The Perfect vs the Good: Criminal Justice Reform and the Drug War

Promoting individual liberty means understanding that individuals have the right to ingest (or not) whatever substance they wish, or use (or refrain from using) whatever products they want so long as they hurt no other people or their property. This is a fundamental requirement of free people in a free society. It follows then that the entirety of the state’s drug war and all of its supposed and invented crimes are immoral and violations of liberty – and made all the worse from the associate induced criminality that surrounds black markets and illicit commerce. The non-violent people that have been impacted by this and imprisoned in the course of the drug war should be released as soon as possible, and every effort made to expunge their records going forward.

However, in the meantime while we call for this we recognize that the justice system moves slowly, and so for those who are still in the system we support efforts by the state to move to any and all alternatives to prison for non-violent “offenders”. This includes diverting prisoners to treatment opportunities, as well as releasing individuals to the care of community programs and other programs that help to actually rehabilitate. In all cases, too, choice should be given to inmates as to whether they would like to engage with the alternative, or stay in traditional confinement.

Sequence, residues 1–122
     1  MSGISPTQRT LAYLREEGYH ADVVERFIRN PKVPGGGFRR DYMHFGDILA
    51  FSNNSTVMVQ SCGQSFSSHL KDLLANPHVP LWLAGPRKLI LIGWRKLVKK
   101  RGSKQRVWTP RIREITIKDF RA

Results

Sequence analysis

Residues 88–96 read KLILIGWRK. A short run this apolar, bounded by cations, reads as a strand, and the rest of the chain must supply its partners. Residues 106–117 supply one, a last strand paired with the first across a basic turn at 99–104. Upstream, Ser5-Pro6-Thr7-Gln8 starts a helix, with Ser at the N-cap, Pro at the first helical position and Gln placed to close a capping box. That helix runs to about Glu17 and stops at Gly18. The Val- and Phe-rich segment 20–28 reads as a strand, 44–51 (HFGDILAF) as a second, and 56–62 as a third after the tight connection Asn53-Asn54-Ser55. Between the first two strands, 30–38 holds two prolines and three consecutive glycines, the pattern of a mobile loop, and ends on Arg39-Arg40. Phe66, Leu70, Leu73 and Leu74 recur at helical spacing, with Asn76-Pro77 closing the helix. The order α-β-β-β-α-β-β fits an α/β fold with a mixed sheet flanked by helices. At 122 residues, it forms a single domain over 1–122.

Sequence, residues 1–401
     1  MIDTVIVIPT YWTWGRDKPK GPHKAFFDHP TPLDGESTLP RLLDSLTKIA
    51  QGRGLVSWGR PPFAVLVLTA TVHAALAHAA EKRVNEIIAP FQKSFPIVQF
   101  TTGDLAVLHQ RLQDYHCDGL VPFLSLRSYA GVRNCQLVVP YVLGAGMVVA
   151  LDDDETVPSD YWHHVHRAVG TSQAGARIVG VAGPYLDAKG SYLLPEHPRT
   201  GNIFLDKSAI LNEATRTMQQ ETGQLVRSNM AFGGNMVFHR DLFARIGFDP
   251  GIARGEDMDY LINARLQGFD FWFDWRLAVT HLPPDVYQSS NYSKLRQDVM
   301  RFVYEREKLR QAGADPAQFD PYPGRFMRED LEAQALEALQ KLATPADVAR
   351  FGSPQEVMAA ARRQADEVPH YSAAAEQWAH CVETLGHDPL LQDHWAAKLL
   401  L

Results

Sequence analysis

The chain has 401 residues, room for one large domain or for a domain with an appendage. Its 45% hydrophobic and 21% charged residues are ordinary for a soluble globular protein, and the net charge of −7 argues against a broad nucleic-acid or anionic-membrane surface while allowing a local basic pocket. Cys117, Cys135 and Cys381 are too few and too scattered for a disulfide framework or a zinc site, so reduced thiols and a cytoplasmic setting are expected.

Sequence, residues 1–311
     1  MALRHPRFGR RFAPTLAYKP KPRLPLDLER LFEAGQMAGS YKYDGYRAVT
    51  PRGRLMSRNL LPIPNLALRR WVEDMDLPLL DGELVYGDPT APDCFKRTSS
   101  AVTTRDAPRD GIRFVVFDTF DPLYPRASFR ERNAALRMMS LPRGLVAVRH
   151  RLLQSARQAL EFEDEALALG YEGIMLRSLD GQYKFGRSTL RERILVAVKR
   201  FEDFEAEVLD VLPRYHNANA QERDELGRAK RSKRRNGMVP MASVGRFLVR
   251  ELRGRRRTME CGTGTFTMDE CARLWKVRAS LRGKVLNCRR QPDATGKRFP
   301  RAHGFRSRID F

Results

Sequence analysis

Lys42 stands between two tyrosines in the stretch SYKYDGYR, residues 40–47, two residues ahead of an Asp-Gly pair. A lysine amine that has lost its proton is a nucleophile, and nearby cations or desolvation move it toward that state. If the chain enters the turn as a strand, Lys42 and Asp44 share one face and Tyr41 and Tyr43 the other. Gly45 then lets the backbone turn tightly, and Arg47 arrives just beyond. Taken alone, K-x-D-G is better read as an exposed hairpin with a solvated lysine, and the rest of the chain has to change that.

In the course of criminal justice, the state should be focused on “real crime” – crimes against property and people, that violate trust and civil peace. And in all cases, the focus of the state should be on restitution and rehabilitation – with imprisonment as a *last* resort for those individuals ultimately too dangerous to civil society that they need to be confined. We should never forget, though, that the purpose of criminal justice is to repair what has been damaged, to make whole what was broken, and to provide true justice to those who have been hurt, and not merely to hurt those who have offended.

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